Anxiety: The hallmark of Phenibut withdrawal, feelings of anxiety are almost always present in people who have discontinued Phenibut use after developing dependence. Feelings of anxiety may be undefined/broad or acute/focused, and range in severity from mild to debilitating. These feelings may be increased in people who were using larger serving sizes of Phenibut, were using Phenibut in combination with other GABA agonists, or who have underlying anxiety.


Appetite Loss: Another common symptom of Phenibut withdrawal is to experience a loss of appetite. This is thought to be related to the increase in stress hormones and loss of homeostasis in the GABAergic and/or dopamine systems. Loss of appetite may persist for some time after stopping Phenibut, especially for people who were using large servings.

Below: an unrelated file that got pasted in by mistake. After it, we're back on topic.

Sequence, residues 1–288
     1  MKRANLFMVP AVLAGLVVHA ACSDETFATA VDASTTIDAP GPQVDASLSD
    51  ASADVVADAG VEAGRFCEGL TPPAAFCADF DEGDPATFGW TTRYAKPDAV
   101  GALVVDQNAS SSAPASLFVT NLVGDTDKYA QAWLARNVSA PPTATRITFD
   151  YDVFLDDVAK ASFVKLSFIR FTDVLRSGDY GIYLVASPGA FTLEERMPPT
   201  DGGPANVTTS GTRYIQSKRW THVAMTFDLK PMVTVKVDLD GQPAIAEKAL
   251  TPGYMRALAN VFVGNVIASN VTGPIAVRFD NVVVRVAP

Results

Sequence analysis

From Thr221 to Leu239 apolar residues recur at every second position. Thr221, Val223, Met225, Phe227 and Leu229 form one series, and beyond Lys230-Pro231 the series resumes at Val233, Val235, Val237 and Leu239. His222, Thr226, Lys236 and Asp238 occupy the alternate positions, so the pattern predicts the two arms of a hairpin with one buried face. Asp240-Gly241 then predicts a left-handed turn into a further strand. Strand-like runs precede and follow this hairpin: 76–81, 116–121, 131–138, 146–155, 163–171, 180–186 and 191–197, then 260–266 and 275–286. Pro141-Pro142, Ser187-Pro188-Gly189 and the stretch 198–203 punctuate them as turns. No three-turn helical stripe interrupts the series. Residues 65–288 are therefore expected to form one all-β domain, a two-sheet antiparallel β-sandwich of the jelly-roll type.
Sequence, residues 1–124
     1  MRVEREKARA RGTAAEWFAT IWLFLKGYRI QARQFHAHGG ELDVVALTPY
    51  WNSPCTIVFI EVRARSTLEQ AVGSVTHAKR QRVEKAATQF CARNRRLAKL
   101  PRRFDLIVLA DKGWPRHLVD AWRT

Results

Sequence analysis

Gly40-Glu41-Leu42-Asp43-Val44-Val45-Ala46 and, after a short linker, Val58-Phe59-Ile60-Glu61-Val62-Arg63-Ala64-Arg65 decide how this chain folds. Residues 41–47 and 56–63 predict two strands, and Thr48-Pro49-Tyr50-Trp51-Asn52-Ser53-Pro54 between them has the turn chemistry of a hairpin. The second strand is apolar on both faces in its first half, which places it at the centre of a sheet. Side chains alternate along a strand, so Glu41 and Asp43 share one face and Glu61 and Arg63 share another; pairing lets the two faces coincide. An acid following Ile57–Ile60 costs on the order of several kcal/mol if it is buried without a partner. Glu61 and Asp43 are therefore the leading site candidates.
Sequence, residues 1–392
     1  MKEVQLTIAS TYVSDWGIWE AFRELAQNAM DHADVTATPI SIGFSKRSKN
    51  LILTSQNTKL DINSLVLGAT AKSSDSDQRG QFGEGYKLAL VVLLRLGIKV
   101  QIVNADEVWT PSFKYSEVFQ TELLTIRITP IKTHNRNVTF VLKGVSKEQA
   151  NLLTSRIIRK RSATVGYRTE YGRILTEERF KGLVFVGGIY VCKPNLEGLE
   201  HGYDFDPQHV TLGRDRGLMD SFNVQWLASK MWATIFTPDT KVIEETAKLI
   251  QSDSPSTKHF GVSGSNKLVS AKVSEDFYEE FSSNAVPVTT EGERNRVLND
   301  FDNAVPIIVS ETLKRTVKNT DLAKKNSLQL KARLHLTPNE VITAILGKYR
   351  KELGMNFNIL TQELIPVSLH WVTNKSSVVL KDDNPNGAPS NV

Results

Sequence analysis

Depressed/Negative Thinking: A drop in mood is often reported in people with Phenibut withdrawal. This is most often associated with the brain’s cravings for a GABA-boost but may also have to do with a decrease in dopamine metabolism. To reduce negative thoughts, try to get out and socialize. Talking to people about your withdrawal symptoms, or to other people experiencing Phenibut withdrawal will help you to feel more connected.


Headaches: Headaches are a typical symptom and are felt most strongly in the first few days. This is a typical sign that the chemistry in your brain is not ‘quite-right’ and that your body is craving something. Headaches can make it difficult to focus and can be made worse by difficulties sleeping. Taking some Paracetamol or Ibuprofen may help to reduce headaches and get you back to work sooner.